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Prebiotic Chemistry and the Origin of Life

The University of Manchester, Manchester, UK
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  • Chemistry
  • Medicine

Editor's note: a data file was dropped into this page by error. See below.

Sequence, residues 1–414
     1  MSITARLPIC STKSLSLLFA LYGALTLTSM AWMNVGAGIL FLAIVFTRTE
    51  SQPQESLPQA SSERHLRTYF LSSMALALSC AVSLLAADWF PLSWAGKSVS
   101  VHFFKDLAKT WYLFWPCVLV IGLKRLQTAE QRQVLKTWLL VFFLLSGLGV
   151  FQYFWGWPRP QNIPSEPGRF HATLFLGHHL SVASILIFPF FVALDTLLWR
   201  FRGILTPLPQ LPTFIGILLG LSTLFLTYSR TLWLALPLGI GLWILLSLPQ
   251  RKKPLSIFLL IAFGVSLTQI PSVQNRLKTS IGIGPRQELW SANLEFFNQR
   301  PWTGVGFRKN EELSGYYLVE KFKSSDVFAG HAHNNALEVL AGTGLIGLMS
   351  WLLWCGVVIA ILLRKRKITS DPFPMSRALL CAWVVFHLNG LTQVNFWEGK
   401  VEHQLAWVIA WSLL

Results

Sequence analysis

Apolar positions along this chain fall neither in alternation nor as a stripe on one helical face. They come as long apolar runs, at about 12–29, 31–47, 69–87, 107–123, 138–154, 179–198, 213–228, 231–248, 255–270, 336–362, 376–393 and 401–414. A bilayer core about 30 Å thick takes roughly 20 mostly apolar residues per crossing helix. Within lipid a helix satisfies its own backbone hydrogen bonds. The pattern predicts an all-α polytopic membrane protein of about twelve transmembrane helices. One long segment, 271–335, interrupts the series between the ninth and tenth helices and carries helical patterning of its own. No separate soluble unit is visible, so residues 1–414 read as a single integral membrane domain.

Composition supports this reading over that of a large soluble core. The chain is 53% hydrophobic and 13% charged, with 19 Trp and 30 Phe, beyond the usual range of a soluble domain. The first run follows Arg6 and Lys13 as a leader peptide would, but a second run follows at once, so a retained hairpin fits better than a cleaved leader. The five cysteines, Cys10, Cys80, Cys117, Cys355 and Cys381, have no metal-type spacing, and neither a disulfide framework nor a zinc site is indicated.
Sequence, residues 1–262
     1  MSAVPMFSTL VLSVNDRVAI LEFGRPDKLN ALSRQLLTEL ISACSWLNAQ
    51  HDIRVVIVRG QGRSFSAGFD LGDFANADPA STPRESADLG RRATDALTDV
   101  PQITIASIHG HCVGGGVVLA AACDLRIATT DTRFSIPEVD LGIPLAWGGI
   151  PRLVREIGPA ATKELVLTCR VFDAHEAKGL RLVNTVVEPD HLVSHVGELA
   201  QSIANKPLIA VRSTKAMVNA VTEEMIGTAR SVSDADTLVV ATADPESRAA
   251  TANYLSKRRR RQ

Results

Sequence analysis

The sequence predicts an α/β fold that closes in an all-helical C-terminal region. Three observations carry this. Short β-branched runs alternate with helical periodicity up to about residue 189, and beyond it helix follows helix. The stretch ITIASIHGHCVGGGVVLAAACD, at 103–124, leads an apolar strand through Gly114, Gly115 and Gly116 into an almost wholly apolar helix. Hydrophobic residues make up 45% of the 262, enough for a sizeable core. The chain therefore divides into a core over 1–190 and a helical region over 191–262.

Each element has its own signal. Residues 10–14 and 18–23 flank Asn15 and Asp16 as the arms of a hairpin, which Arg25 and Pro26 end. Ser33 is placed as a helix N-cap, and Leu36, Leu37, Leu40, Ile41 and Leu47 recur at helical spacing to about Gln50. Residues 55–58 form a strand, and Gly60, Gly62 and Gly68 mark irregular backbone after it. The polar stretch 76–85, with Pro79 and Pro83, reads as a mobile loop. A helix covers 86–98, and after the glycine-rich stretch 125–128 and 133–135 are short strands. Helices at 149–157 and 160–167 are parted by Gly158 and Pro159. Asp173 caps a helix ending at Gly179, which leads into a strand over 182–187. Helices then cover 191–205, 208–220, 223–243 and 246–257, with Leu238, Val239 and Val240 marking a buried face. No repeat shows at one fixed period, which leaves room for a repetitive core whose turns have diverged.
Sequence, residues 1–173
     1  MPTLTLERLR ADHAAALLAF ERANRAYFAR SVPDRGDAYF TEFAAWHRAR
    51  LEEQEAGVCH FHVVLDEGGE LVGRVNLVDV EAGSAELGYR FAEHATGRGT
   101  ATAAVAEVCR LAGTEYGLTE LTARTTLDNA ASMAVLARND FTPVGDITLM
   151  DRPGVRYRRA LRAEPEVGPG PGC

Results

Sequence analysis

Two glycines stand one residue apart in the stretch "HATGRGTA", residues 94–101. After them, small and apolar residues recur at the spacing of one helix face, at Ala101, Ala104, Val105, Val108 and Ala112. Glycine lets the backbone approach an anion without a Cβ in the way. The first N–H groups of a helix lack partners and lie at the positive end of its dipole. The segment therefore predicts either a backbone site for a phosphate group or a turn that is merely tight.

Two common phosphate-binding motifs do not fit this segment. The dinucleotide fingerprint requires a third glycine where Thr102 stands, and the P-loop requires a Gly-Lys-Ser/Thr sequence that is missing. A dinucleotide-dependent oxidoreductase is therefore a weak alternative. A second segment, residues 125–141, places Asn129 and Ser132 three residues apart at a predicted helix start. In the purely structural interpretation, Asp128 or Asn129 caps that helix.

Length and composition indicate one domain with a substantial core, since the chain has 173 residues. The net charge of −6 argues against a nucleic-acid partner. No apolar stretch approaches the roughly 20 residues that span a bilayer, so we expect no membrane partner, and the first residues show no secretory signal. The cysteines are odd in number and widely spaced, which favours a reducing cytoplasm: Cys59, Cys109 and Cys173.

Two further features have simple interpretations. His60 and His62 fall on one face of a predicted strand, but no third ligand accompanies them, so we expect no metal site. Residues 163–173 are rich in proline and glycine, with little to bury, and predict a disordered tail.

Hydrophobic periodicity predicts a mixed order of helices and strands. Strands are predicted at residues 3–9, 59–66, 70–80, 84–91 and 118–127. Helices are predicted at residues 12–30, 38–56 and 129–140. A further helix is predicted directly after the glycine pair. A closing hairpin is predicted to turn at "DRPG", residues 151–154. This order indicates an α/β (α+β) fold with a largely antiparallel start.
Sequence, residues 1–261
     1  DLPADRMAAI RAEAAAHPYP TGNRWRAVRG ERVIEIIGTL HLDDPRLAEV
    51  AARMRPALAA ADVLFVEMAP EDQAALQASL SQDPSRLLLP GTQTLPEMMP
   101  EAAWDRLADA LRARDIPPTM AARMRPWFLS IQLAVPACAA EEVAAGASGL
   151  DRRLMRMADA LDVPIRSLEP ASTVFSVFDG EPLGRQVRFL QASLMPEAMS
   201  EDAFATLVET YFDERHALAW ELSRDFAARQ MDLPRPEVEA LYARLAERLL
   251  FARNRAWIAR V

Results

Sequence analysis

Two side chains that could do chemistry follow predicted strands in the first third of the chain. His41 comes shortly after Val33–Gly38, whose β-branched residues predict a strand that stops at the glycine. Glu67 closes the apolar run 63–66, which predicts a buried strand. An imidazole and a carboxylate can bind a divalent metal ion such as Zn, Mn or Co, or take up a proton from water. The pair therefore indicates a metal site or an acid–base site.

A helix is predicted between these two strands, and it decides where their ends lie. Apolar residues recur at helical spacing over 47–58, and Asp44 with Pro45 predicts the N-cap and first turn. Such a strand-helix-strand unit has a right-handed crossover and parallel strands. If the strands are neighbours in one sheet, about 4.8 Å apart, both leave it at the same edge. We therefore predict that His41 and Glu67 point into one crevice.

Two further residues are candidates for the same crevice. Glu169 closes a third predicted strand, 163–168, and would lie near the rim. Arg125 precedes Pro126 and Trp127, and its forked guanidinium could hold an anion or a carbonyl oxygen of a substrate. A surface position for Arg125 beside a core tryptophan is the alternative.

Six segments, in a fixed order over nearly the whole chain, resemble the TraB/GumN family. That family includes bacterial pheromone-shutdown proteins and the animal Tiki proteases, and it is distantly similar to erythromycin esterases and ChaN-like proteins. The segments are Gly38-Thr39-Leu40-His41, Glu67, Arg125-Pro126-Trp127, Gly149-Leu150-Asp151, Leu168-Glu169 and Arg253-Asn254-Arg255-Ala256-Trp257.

The Sutherland group recently demonstrated the prebiotic synthesis of activated pyrimidine ribonucleotides as their 2',3'-cyclic phosphates, and these species are candidates for oligomerisation to RNA. These species hydrolyse to the corresponding 2'- and 3'-monophosphates and there is a need to discover prebiotically plausible ways to re-activate to the cyclic material. Previous methods have suffered from poor yields and/or derivatization of the nucleobase. This study describes a new multicomponent reaction that achieves highly efficient nucleotide activation and at the same time produces amino acid derivatives, also of importance in the origin of life. This reactivity is then further developed and utilised in the prebiotic synthesis of derivatives of glyceric acid 2- and 3-phosphate, used in the glycolysis pathway in contemporary biochemistry.Aminoacyl-RNA trimers are central to the RNA:coded peptides theory by Sutherland, whereby RNA replication and coded peptide synthesis are proposed to have emerged together in the origin of life. The aminoacylation of an RNA trimer is therefore investigated, again using a multicomponent reaction.With the prebiotic synthesis and re-activation of nucleoside-2',3'-cyclic phosphates shown, the oligomerisation of these species is now a major goal. The dry-state oligomerisation of these species using ethanolamine as catalyst is discussed. Key ethanolamine-adduct intermediates are identified, and the preference for the formation of natural [3'-5'] linkages produced by this type of oligomerisation is rationalised.The compartmentalisation of a primitive replicating genetic system is considered an important stage in the origin of life in order to overcome the high dilution of the oceans. Previous studies have focussed on long chain carboxylic acids for this purpose but these are unstable to the conditions required for RNA folding and catalysis, and only form bilayer vesicles at a specific pH. The final chapter investigates the prebiotic synthesis of a simple phospholipid amphiphile that has the potential to form more suitable lipid vesicles.

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